Belgorod also can transport a new (since 2003), smaller (65 meters long) and nuclear powered Losharik minisub underneath it. This minisub can  perform various operations using remotely controlled arms. It carries a crew of 25 to great depths (up to 6,000 meters) and has a top speed (for emergencies only) of 72 kilometers an hour. Losharik is believed to be for checking Russian underwater data cables for bugs (or damage in general) and tamper with underwater cables and other equipment belonging to the United States and other Western states. Because Losharik can dive deeper than any other sub and is quite large for a deep diving sub, it can find and retrieve useful items that end up in very deep waters (electronics from Western aircraft or ships). Losharik can also survey very deep sea bottoms for suitable sites for placing various electronic devices.

Belgorod can also transport a Shelf nuclear power plant that can be placed on the ocean floor to power the Harmony system of underwater sensors or any other new tech that needs to be powered for a long time. Power supplies similar to Shelf have been used in space satellites that require a lot of power (like those equipped with radar).

Belgorod is also equipped to carry combat divers (similar to U.S. SEALS) and Harpsichord AUVs that are the size of standard torpedoes but contain side-scan sonar and other sensors that can operate while up to 2,000 meters underwater. Belgorod is also designed to tow objects behind it. These can be a towed array sonar or other items.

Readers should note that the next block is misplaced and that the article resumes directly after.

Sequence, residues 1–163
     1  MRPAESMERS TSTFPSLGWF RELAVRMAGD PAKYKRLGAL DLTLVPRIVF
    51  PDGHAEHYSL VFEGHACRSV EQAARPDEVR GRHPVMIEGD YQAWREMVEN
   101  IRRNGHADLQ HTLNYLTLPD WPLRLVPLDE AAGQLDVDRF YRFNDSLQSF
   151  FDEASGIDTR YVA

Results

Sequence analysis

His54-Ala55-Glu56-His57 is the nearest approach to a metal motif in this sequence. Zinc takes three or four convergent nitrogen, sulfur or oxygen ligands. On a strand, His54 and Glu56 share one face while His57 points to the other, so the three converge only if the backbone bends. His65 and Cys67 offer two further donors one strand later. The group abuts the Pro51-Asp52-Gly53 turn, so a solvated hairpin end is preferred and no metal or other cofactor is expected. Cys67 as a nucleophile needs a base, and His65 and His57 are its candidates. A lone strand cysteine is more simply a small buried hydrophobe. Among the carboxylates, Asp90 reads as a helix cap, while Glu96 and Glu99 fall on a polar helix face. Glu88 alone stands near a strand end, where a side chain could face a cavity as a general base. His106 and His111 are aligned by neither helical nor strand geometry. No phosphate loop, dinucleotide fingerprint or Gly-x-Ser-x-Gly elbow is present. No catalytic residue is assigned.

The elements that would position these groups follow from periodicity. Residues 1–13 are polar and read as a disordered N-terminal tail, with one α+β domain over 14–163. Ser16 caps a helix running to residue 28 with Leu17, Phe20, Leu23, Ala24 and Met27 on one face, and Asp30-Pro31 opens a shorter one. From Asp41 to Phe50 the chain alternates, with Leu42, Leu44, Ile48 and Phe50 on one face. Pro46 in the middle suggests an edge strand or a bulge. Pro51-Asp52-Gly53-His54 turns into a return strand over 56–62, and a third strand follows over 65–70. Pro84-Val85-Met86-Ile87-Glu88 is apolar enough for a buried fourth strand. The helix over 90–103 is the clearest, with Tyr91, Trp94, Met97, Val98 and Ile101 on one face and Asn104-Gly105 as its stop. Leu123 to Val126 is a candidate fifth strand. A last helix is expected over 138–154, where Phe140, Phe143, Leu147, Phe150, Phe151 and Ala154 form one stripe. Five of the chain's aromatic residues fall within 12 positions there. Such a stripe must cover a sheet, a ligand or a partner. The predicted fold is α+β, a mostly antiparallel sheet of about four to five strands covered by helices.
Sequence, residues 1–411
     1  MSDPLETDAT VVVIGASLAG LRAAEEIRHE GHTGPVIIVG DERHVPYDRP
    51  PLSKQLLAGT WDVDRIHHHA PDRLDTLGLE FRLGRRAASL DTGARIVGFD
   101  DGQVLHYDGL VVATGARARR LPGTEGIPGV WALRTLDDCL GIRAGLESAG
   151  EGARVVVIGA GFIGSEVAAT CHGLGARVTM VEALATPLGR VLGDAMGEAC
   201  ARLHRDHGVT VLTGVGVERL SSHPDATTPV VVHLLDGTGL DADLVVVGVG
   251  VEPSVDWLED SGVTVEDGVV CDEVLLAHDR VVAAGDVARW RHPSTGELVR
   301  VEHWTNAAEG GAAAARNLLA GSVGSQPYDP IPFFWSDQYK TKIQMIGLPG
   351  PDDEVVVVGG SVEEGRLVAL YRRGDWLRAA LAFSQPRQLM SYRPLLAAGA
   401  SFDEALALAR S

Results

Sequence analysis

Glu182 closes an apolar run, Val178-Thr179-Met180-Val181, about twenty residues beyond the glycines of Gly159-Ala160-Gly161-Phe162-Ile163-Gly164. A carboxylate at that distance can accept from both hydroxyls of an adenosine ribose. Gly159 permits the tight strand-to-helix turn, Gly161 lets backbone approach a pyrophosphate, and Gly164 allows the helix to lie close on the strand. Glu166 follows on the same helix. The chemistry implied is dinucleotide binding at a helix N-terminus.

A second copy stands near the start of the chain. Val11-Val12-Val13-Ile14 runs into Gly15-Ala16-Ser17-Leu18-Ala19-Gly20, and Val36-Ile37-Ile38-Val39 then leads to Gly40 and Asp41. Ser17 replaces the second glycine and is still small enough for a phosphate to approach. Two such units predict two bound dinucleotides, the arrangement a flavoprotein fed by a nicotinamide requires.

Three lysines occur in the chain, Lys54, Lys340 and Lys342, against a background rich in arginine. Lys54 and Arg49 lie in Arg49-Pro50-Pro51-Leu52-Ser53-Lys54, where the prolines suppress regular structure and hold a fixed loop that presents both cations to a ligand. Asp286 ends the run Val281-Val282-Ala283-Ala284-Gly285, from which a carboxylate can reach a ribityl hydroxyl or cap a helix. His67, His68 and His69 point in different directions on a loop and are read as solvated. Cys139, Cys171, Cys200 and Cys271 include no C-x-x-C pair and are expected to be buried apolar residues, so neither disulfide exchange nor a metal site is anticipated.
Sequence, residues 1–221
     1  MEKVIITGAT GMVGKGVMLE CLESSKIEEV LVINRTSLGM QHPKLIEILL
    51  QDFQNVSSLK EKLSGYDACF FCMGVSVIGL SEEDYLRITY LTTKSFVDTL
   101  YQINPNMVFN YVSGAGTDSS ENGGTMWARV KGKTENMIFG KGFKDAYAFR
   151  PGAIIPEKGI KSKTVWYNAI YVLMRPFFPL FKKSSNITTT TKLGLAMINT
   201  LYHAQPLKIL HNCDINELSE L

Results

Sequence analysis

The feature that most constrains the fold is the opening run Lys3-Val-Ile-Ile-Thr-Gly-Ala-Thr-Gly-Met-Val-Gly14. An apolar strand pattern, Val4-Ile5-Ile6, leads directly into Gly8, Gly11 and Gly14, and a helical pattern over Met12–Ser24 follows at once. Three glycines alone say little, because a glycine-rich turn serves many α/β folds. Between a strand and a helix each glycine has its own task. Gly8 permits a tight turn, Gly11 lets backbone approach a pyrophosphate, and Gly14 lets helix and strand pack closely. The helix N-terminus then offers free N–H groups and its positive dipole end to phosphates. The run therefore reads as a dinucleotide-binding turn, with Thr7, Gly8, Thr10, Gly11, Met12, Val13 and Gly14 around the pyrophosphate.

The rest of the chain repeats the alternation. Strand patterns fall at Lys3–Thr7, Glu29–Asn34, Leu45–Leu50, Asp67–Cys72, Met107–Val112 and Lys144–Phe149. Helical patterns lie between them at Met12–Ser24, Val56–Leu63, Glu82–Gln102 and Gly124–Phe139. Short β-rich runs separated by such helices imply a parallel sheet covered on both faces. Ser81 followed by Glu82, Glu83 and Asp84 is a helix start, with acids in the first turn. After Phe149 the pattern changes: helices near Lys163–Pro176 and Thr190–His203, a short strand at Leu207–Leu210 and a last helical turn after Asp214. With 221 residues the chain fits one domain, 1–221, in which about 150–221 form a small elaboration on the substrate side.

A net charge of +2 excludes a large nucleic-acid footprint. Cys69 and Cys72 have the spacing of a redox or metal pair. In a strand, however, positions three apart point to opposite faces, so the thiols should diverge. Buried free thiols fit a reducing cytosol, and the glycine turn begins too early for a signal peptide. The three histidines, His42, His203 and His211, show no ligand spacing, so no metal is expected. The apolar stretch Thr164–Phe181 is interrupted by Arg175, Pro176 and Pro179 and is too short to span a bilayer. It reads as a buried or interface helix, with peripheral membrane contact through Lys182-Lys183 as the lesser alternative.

Russia already has some specialized subs equipped for special operations. These are conversions of existing subs while Belgorod was custom designed and built for the special operations tasks. In late 2016 Russia finally sent its second “special operations” SSN, the Podmoskovie (BS64), to sea for trials. This sub is actually a Delta IV class SSBN (nuclear powered ballistic missile submarine) that began its career in 1986 as K64 Podmoskovie. Since 1999, K64 has been undergoing conversion to BS64, which appears to be something similar to customized U.S. SSNs that have been in service since the 1970s. The current American example of this is the USS Carter, a Seawolf-class SSN converted (while under construction) to be 30 percent longer and 20 percent heavier than the other two Seawolfs. The additional space was to hold mini-subs for the fifty SEALs it can carry, or to tap into underwater communications cables and perform other intelligence gathering tasks. The Carter entered service in 2005 and replaced an older Sturgeon class SSN (USS Parche) that entered service in 1991 and was retired in 2004. The Parche replaced earlier SSNs that had performed these intel missions throughout the Cold War.

The 13,500 ton Podmoskovie had its 16 ballistic missile silos replaced with facilities for launching remotely controlled mini-subs for intelligence missions. The renovations resulted in the sub becoming about five percent longer. This meant that the converted Podmoskovie was somewhat lighter (probably about 12,000 tons). The first Russian SSBN to undergo a similar conversion was the K129 Orenberg, a Delta III class SSBN whose conversion (to BS136) began in 1994 and entered service in 2008. The Delta III is about the same size and displacement as the Delta IV but the Podmoskovie conversion seems to be more extensive than the Orenberg. Both the Orenberg and Podmoskovie carry the Losharik minisub beneath it.